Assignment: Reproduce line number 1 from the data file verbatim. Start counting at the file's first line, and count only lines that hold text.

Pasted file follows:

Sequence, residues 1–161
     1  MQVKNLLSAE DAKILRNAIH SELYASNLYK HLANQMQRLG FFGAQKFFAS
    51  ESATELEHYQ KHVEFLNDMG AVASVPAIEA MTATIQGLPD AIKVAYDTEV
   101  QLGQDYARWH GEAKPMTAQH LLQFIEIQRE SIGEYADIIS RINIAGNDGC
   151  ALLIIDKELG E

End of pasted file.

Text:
Sequence, residues 1–161